Jan 24 2018

Geisinger Health Taps Previous Tech Rollouts to Zoom Ahead with Precision Medicine

The health IT pioneer is building off of previous tech rollouts to launch new genome-focused projects.

For Geisinger Health, initiating technology into its patient care strategy started with patient portals, but has quickly blossomed into a full-fledged digital revolution. Based in the central Pennsylvania town of Danville, the health system laid the groundwork for recent and continued precision medicine research with its 2001 launch of patient portals.

"What we want to do with technology is enable patients to better manage a condition, have a better quality of life, and stay out of the emergency department or hospital," Chanin Wendling, Geisinger's associate vice president of informatics and director of Geisinger in Motion, a division within informatics charged specifically with boosting patient engagement through mobile and internet technology, told HealthTech last year.

Geisinger's infrastructure offers a solid foundation for IT leaders as they move forward with ambitious initiatives. Already, Geisinger has made waves by using data analytics technology to monitor and analyze sepsis patient outcomes and has been implementing telehealth for several years, touting an "eICU" alongside telepsychiatry and telederm programs.

Now, the healthcare system is pushing ahead by going all-in on precision medicine, which it believes will help offer more targeted and rapid care to patients.

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Geisinger Gives its Precision Medicine Program a Boost

Most recently, the Geisinger made moves to expand its telemedicine program.

The organization announced in November that it will launch a new Precision Health Innovation Lab to tap into genomics and data science. It has appointed genomics expert Huntington Willard to lead the effort.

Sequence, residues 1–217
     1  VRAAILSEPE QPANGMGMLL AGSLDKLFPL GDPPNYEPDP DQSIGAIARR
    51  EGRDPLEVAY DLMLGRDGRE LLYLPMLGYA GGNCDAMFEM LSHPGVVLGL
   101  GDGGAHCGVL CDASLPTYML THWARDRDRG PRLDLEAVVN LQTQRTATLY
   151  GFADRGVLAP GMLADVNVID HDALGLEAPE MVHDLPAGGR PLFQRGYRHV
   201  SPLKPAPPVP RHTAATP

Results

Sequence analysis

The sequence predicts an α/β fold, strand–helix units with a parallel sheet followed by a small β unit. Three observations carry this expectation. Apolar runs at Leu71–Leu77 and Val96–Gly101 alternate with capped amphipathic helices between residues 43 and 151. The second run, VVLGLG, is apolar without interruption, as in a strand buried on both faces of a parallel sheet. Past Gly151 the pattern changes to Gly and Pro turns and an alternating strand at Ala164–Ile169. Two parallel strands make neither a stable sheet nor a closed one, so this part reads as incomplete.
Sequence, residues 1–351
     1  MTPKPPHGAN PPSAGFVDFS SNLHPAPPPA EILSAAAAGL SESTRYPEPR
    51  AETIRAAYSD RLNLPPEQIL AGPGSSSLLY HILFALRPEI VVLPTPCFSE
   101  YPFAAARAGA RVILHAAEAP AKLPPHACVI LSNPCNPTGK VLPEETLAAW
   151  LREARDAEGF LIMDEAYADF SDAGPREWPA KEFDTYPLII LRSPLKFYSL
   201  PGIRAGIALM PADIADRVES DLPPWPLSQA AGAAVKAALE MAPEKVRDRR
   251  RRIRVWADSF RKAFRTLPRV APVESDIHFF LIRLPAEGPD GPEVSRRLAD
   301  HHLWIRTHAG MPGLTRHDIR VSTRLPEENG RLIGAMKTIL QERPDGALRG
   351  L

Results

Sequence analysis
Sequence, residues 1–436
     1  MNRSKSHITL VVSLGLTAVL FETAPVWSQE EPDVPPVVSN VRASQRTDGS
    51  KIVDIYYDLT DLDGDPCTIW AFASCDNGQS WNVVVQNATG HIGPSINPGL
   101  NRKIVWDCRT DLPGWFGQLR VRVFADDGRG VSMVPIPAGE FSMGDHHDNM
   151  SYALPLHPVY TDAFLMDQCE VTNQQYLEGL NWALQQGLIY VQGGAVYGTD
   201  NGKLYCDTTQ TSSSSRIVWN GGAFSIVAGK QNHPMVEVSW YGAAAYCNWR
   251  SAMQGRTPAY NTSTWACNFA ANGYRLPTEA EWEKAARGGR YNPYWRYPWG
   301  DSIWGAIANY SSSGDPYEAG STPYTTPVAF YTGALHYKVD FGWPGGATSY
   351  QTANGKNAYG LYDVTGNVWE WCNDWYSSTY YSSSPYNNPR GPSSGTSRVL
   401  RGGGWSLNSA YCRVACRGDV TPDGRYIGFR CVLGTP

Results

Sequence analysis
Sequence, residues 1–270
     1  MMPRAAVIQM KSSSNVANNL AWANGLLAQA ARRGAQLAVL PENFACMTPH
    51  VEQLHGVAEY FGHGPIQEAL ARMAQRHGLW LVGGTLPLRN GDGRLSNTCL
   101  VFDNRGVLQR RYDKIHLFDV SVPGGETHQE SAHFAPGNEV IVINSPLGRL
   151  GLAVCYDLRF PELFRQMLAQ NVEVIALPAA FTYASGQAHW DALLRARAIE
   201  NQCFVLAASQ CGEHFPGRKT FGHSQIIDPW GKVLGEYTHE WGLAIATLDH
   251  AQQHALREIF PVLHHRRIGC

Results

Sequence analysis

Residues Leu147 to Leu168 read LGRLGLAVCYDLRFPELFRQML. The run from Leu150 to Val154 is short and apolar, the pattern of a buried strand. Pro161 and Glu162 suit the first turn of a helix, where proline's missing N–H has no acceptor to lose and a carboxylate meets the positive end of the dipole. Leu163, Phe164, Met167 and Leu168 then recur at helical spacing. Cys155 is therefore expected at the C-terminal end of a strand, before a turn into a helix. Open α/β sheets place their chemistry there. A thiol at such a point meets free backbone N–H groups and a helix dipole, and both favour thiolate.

"The addition of Hunt Willard to our already outstanding genomics and precision health team at Geisinger allows us to double down on our bet on this game-changing approach to anticipatory medicine — preventing early-onset cancer, cardiovascular events and other diseases, and keeping people out of hospitals. We are already seeing this benefit to our patients in Pennsylvania and New Jersey and are eager to extend this program nationally," said David T. Feinberg, Geisinger president and CEO, in the announcement.

The initiative will build on the health data in Geisinger's electronic health records as well as Geisinger's MyCode Community Health Initiative, a precision medicine project that "includes a systemwide biobank designed to store blood and other samples for research use," according to its website. It uses samples from 175,000 participants to sequence and analyze DNA, using the large body of data to sift out better ways to diagnose and treat disease.

"Geisinger we think is a couple years ahead in taking [population] health genomics and combining it with your EHR to predict what's going to happen to somebody before it happens," Feinberg told MedCityNews in January. "For our patients, we take a look at your whole exome sequence. We're able to actually say, 'You have this genetic mutation that's put you at extremely high risk for breast cancer, colon cancer or a bad response to anesthesia.' When we looked at our whole population, it turned out about 4 percent of our people have one of these genetic mutations."

In the coming year, the organization will turn up the heat on precision medicine through its new innovation lab by tapping into not only DNA, but midstream and upstream social determinants of health, such as exercise habits or even neighborhood conditions — one of the best predictors of lifespan for city dwellers in the U.S.

"We have all this environmental information, genetic information and a great IT system. We want to be able to say to our doctors and patients, 'We're going to do anticipatory medicine. You'll know your risk before anything happens. We're going to know you better than Amazon knows you. We're going to be your trusted guide in life,'" Feinberg said.

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